Broadcast Signal Intrusion – ★★★

Broadcast Signal Intrusion – ★★★

If you love a mystery thriller, then Broadcast Signal Intrusion is the film for you, but beware, dear viewer, much like our protagonist, you could be left burrowing down that rabbit hole too. A great homage to the noir thriller.

In the late 90s, grieving video archivist James (Harry Shum Jr.) unearths a series of sinister pirate broadcasts and becomes obsessed with uncovering the conspiracy behind them.

As we find in Jacob Gentry’s interesting Broadcast Signal Intrusion, grief can lead us down many paths. We can sit and wallow; we can overthink; we can get anxious about the stress of handling it all. But, in James’ case, we can find something to distract and at the same time drive us, instead of just accepting our situation.

James’ quick obsession with the videos stems from discovering the missing third video aired on the same date his wife went missing, and so if he finds the tape, maybe he begins to find out what happened to his wife. But, of course, he is reminded here, there, and everywhere not to keep looking, that sometimes coincidences are just that. So is there really a big conspiracy here, or has James’ desperation as a husband simply gotten the best of him?

Harry Shum Jr allows James to spiral perfectly, ramping up his obsession until it is all he knows, too distracted by it to move on and focus on the now. He needs answers he surely knows will not come. He pushes his character to the limit, and although it verges a little on unbelievable from what we have seen beforehand by the final act. However, the previous moments allow for some forgiveness. The supporting cast all fulfil their roles accordingly, but with a script that wants to keep us guessing (almost to our own distraction), they are limited in what they can provide us. Which, in truth, seems to be the point of it all.

Writers Phil Drinkwater and Tim Woodall leave any suggestions as to what may be going on as James burrows his way down the rabbit hole. Yet, they equally leave as many red herrings and, as just mentioned, blur the line between conspiracy and coincidence. Nevertheless, it is an interesting idea that gets played out here in the film and one that, like its late 90s setting, has a throwback feel. You don’t really get films like Broadcast Signal Intrusion anymore, a Neo-Noir thriller that throws up all the questions and cherry-picks that it wants to answer.

The writers seemingly on purpose have left so many open-ended moments and thoughts to litter their film that you could easily come up with your own theory as to what the film meant and be safe in the knowledge that it is correct, only for someone else to have an utterly differing opinion that could make as much sense. By leaving things unanswered, the mystery deepens significantly. Which, in truth, could be to the detriment of the film. Itself. While it is great that it has us trying to figure it out for ourselves, we are swinging for the fences with our assumptions by not giving us enough concrete ideas to lay down. This can frustrate an audience, and by the end of the film, there was a hint of annoyance present with this writer.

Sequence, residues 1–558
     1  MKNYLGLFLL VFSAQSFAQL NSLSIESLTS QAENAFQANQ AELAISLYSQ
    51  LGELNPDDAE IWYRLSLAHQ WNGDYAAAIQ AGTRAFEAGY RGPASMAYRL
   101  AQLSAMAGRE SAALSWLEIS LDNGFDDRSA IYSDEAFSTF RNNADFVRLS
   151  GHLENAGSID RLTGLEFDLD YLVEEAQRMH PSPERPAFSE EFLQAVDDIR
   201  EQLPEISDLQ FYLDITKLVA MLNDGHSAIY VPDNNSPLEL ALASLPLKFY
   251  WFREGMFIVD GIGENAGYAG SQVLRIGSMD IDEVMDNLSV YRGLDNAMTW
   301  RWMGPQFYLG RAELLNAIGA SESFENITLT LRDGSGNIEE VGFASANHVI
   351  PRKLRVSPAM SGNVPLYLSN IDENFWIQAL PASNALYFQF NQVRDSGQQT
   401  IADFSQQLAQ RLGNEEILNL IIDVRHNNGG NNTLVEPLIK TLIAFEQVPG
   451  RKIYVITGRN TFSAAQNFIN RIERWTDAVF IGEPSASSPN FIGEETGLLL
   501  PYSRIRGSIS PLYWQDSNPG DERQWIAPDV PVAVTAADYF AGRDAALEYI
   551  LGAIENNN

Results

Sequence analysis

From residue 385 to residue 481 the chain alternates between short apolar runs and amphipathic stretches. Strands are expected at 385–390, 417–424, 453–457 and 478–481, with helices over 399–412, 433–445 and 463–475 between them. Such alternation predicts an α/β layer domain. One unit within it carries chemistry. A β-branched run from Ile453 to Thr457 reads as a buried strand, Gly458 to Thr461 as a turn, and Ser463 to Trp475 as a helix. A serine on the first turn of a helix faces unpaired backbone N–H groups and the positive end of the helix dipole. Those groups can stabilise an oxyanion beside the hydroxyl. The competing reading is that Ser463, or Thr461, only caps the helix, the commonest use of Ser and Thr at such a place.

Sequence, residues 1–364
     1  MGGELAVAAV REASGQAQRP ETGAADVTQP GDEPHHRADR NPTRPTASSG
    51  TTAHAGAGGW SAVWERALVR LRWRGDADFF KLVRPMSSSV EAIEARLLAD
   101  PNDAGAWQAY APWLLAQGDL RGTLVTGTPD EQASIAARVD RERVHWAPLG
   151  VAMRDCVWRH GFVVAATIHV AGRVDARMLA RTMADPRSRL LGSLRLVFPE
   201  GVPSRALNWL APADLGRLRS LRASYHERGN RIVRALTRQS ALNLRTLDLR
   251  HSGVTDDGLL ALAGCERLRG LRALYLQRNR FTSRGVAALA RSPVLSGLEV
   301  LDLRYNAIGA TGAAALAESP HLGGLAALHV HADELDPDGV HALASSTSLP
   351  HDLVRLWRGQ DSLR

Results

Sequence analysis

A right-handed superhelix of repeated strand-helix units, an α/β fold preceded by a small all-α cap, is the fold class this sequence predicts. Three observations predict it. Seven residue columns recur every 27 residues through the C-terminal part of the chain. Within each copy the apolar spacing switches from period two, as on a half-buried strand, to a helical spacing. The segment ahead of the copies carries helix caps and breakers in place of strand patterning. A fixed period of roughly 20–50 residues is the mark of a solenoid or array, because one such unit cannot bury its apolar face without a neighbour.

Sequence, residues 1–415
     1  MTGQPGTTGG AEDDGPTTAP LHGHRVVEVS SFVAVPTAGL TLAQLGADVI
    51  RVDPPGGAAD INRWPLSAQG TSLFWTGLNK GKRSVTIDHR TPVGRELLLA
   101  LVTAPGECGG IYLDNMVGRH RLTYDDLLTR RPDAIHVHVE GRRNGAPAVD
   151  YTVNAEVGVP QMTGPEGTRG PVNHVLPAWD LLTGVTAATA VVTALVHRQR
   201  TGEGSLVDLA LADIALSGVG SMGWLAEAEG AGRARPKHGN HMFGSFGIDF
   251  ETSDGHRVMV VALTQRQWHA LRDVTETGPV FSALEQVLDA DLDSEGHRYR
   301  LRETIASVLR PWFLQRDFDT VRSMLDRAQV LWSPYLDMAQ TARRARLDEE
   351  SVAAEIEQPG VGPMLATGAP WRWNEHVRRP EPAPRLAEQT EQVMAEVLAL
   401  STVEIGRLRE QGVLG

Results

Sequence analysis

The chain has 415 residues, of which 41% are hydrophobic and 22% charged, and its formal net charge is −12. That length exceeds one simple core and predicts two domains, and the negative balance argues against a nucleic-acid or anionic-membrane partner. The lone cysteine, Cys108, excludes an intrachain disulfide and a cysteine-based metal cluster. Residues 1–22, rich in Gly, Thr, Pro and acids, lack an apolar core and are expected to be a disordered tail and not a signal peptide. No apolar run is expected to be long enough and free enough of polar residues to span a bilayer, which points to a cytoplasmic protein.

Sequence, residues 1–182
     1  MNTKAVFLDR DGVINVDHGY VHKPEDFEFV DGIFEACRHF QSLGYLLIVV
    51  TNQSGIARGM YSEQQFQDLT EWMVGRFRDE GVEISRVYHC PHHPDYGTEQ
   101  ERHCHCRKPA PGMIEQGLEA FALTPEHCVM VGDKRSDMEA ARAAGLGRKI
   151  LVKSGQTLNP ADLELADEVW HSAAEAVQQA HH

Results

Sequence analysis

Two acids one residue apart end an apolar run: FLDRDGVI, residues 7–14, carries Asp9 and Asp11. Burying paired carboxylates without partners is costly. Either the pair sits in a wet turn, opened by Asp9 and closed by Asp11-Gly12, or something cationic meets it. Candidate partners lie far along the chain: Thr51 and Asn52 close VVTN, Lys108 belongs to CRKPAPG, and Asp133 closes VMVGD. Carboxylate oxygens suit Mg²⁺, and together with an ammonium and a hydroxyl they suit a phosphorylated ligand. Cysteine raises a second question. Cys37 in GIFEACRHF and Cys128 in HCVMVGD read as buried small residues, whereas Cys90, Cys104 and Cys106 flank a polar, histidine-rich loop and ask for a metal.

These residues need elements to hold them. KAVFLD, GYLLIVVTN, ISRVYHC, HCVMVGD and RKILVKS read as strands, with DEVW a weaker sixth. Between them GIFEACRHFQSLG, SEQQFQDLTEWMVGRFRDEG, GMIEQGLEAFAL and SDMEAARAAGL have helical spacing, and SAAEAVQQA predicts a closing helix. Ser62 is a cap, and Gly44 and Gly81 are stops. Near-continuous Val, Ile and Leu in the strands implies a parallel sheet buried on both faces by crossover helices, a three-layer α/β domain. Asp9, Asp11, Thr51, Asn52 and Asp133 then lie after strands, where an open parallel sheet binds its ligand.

We, like James, get swamped in the theories by giving us so many avenues to go down. Is Alice really who she says she is? Indeed her inclusion in the story is far too coincidental? This is but one of the multiple questions you ask yourself throughout the film, and with director Gentry not keen at all to answer those queries, we are left to stew. Alice is actually interesting to think about; she has a crucial role, for a while in the film and again seemingly on purpose, has such a thin reason to be joining James that you have to suspect her motives.

If you are not a fan of having your filmmaker explain nothing to you and to hold back as much as possible to leave events up to your own interpretation, then Broadcast Signal Intrusion may not precisely be the film for you. Regardless, there is something here for you with solid performances and a confident style.

Broadcast Signal Intrusion arrives in UK/EIRE cinemas from 25th March and on Digital Download & Blu-ray from 28th March.


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